I was paddling close to an SUP paddler. We had met at Takhini Bridge that first day and I liked Glen immediately. Now he was about fifty meters ahead of me, and on his knees paddling hard to reach shore. The dreamy conditions earlier had moved us farther away from shore than we should have been so the fight for safe shore line forced us to come inside of the buoy marking a mid-lake monitoring point. By then the winds eased slightly but the damage was done. There wasn’t much to discuss about what had just transpired but he and I were both happy to be paddling normally again. I settled in for the next leg of the lake as I finally began to gain every closer to that first outcropping. Point number one done, how many more? In the effort to keep any forward momentum in the storm I pushed too hard and had strained my shoulder badly. I knew this was a possibility that at some point during the marathon it would become an issue, but I had assumed it would not be so close to the start. A veritable flood of worry entered my head and that too was something I concerned myself. I do spend a lot of time in my own head. River Quest would allow so much more solitude and I was fine being in my own company and moving through thoughts that I would not have normally had time for back home but now I was becoming consumed with the problem of paddling in pain. There was no way I was going to scratch from this! It ached and with each paddle stroke when I pulled my arm back to begin the next stroke there was an uncomfortable twinge. Nothing to do but paddle on and again the water softened and the skies reloaded for the next attack.
The previous five minutes had been a blur. The starter horn blew. We all ran, walked or hurried to our boats lined up in order on the gravel beach beside the park, I was one of the hurrying types not wanting to use it all up before paddling. There was tussling of bodies ahead of me and I lost sight of Joe who was also of the hurrying kind. Reaching my boat after side stepping those in front of me who were seemingly less in a hurry to get going I found my wooden kayak and Anik standing at the stern awaiting her big moment to shove me out into the river, my kayak resting on a fresh strip of sod.
Ray, a volunteer on a sweeper boat was an acquaintance Gus had made on his many trips to the Yukon to compete in the Quest worked his family’s sod farm just outside of Whitehorse. The sweeper boat’s job is to follow the progression of paddlers up the river staying behind to round up, retrieve, aid, or rescue kayakers and canoeists who decide to call it a day, scratch or fall into trouble at the back of the pack. Ray would end up keeping the same ridiculous hours on the river as all the participants as he circled around the many islands and islets searching out the above mentioned boats.
After his short visit with Gus on the island Ray was on the same ferry ad I during my weekly trips to Victoria where Anik lives. Gus had pointed out my wreck of a car as I entered the terminal parking lot and told Ray that I was planning to paddle in the Quest. Ray sought me out. At first when he tapped a knuckle on my window disturbing my reading I thought he was just another hitch hiker looking to grab a ride into the city. He was not that but turned into someone else indeed. In the space of five short minutes chatting on the open deck of the ferry I had made a friend for life. In that meeting he gave me as much intel about the river that he could, and the offer to take me up river before the race on his jet boat to investigate the best route to Dawson. This encounter was the single most important tipping point in my decision to enter the race, though in the weeks to come I would be handed even more incentive. For now, I had a great new ally, a new addition to the team I was building and more important a new friend.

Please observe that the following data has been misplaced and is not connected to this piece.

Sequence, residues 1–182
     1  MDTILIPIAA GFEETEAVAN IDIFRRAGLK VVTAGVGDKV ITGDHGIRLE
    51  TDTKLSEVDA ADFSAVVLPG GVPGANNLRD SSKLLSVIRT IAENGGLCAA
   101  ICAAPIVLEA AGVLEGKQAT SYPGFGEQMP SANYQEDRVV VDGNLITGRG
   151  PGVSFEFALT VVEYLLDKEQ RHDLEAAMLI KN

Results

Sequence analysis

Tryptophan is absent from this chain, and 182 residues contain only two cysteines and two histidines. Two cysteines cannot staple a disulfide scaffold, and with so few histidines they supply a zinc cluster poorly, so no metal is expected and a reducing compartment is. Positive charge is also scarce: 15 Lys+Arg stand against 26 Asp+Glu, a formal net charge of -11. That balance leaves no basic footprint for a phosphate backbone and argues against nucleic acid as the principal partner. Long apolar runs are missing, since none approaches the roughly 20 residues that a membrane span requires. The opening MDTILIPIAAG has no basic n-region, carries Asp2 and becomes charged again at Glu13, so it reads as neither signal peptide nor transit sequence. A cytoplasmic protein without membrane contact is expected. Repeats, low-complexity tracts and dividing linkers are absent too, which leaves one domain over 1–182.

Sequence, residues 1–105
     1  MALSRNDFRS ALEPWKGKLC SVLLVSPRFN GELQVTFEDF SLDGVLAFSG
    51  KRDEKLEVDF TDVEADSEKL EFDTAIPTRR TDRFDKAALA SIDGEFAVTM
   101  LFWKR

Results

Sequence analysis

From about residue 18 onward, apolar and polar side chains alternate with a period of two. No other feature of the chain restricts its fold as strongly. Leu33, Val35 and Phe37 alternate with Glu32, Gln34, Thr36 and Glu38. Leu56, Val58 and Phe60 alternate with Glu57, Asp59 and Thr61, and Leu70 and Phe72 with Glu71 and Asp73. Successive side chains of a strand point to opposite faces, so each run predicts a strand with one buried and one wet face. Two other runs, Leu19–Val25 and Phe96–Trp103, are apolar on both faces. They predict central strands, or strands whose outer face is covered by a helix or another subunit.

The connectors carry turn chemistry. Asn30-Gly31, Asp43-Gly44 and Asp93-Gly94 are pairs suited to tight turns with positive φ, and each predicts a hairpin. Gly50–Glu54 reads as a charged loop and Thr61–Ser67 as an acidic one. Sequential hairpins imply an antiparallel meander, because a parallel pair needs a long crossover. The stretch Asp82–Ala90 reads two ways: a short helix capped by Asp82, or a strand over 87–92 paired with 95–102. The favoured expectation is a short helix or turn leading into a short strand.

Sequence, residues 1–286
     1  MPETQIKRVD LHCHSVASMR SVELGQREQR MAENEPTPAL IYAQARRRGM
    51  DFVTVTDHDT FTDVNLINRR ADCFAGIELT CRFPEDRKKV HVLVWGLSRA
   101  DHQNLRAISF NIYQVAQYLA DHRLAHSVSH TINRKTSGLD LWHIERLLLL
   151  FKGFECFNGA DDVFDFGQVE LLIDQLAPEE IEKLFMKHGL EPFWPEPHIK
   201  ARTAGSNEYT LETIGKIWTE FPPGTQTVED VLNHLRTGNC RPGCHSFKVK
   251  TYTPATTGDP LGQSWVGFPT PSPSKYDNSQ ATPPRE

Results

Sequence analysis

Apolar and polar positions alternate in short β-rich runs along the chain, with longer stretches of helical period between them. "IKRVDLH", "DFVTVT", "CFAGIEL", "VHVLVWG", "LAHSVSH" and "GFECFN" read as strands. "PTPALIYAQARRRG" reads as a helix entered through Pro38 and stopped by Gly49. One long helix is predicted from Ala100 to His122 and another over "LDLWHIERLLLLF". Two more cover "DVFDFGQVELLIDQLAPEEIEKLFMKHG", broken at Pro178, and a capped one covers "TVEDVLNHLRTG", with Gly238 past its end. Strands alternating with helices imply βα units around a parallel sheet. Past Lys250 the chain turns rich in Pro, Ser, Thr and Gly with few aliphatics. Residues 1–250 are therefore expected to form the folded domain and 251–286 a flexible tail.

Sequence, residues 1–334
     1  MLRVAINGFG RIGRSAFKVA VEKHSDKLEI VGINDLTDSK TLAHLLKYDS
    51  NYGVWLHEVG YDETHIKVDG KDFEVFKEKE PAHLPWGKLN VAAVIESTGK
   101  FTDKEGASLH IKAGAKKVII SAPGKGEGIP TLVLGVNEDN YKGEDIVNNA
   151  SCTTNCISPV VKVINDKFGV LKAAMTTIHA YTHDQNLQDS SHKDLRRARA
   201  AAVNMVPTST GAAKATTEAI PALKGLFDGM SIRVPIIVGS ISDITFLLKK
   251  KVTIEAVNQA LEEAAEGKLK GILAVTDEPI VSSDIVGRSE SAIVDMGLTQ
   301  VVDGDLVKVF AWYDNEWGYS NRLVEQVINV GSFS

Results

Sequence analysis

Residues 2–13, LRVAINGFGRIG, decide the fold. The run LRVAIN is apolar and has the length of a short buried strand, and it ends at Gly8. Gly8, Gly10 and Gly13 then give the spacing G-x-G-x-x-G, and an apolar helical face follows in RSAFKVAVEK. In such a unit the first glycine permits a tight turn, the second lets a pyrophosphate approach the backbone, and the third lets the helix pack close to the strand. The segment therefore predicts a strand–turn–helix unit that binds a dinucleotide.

I wasted no time at my kayak as other racers madly paddled away. There was a rush of water, tension being released as finally after months of preparation we all were getting this thing started once and for all. I picked up my paddle and kissed Anik realizing two things at that moment. One being I could continue kissing her all day but that would significantly harm my finishing results, and two the remembrance of what Gus had told me earlier about setting up his GoPro camera up in a tree pointing at my boat. Its on film, the curtain was up and the performance had begun, I got to it. Sitting in the cramped cockpit I wrestled my feet into place in the rudder pedals and began the always tedious wrapping of the elastic of my spray skirt to secure it to the rim of the cockpit. Inevitably, whenever I rush this process it springs off at the back and I have to begin again. Usually resulting in an ocean wave threatening to fill my kayak wit sandy sea water. I knew this would happen and calmly as I could under the harried circumstances started from behind my back and all the way to the front pulling at the toggle until it fell into place. I gave Anik the thumbs up and she lifted the back of the boat and pushed me down my grassy ramp. I was actually paddling in the Yukon River Quest! I struck out hard but maintained my pace not giving into the temptation to race ahead.